So I remembered I had a couple of old glass shelves knocking around here that were leftovers from when I cut some other shelves to size on my Motorized tile saw, so I cut them and filed them off on the cut edges and used one of those and a few clamps from the dollar store to hold it in place. You could probably get a $2 picture frame from the dollar store and use that glass too I bet, Just make sure you sand the sharp edges of the glass so you don't cut yourself everytime you clean the glass. Now I tried glue sticks and then masking tape of all kinds but I admit I didn't try that milor film stuff because where I live no one stocks it and I wanted to try my first print so bad. I saw a guy on You Tube trying hair spray and I thought maybe I should give that a try, so off to the dollar store again (honestly this isn't a plug for them) to find some firm hold hair spray. I found one for $2 and headed home to try it.
Now I tried a few different methods of applying the hair spray, so what works for me might not work for you, YMMV here's what works for me. I take it outside and spray the glass back and forth one way then the other, not too much and not too little, then i leave it to dry and reinstall it on the hot bed.
Before you level the hot bed, check that the two Z microswitch screws are loose on the underside of the travel carriage and the switch can move up or down easily, this will make the final adjustments a little easier. Now your hot bed is probably way out of adjustment, so what I did first was, I tightened the bed screws up so the bed came down as much is shown in the phoros below, you'll see the springs getting squashed. I watched how much thread was sticking out of the bottom of the wing nuts to keep it kind of equal so the bed would be almost level with the nozzle. I moved the nozzle to the center of the glass and placed a piece of card under it as shown. You may have to raise the nozzle up or lower it by hand using the two threaded Z rods on either side until the nozzle just rests lightly on the piece of card. Make sure you use a ruler or tape measure to keep the Z carriage an equal distance above the stepper motors on both sides. You should be able to slide the card from under the nozzle without the table moving up or down when you insert it again, you should just feel it holding the card lightly.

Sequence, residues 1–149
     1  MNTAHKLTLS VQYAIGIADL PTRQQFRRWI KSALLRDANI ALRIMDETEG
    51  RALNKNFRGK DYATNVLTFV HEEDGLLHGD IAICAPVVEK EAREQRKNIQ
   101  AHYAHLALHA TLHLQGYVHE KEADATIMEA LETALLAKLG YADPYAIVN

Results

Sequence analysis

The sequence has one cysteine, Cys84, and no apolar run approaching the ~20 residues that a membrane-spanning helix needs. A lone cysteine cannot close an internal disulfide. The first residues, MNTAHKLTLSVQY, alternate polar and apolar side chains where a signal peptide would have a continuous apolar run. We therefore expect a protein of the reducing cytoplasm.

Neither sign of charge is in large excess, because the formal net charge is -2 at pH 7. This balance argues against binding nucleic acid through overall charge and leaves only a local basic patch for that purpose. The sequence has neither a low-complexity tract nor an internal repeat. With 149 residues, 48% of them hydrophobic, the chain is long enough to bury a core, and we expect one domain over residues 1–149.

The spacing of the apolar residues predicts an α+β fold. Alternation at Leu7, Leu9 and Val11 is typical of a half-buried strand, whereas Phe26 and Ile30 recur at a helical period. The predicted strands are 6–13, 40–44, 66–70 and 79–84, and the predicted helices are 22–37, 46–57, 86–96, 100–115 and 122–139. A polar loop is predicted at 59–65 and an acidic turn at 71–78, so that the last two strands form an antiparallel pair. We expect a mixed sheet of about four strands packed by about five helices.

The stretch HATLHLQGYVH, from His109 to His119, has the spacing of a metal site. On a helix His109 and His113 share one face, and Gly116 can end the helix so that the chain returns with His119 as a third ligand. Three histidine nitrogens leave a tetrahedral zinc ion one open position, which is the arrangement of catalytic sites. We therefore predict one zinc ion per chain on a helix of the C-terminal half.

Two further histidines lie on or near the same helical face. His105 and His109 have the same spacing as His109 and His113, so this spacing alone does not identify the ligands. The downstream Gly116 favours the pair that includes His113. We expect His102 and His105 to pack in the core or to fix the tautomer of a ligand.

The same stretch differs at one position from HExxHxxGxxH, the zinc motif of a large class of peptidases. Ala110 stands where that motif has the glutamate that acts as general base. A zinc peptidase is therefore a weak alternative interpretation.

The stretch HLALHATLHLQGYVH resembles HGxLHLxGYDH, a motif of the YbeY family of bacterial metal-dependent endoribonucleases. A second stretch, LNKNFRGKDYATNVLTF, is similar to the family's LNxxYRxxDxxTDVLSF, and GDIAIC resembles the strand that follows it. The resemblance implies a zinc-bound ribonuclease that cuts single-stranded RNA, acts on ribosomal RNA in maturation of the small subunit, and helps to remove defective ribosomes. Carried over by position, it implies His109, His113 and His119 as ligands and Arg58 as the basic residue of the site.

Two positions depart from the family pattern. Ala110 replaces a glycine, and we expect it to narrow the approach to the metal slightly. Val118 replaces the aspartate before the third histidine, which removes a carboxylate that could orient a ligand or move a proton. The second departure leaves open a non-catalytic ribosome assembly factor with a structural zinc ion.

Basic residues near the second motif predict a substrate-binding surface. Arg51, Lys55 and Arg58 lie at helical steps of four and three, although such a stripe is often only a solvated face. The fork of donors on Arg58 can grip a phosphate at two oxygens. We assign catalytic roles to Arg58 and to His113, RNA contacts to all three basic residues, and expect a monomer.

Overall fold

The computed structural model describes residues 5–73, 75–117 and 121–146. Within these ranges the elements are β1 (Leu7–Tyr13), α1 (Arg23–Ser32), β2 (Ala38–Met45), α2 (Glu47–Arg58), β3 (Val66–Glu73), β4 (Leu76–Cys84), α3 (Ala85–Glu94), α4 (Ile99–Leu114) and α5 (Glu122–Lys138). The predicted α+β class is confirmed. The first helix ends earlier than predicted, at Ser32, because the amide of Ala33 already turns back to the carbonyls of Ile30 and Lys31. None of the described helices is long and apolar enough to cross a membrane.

The next step is the total leveling of the bed :-) Use a tape measure on top of the stepper motors to check both sides of the Z axis to ensure they are both at the same height as shown below, Then level the four corners of the hot bed using the wing nuts. Firstly go slowly, Move the nozzle carrier to the left front corner while moving the hot bed towards the back of the printer, stop just about an inch in on both axis. Use the piece of card or similar to do the bed screw adjustments here too but this time use the wing nuts to adjust until you get the same results you had when you did the center of the glass/bed. When that's correct move to the right front side and check that, adjusting up or down on the wing nuts until the card just touches but doesn't make the bed move up or down. Proceed to do the 4 corners the same way and then do a quick recheck to make sure nothing was gained or lost while the others were being adjusted. When your satisfied with your bed leveling and the Z axis measures the same both sides , move the Z axis microswitch up under the Z carriage until the switch closes fully and tighten the screws as shown below.
Most of the different knobs and things I made to make this printer better will be listed at the end of this blog with full credits given to the great guys at http://www.thingiverse.com it's these people that give their time freely that makes 3Dprinting and design what it is today, they deserve a big hand and our thanks, and if we can support their efforts we should.
Next blog is all about our first print, yippee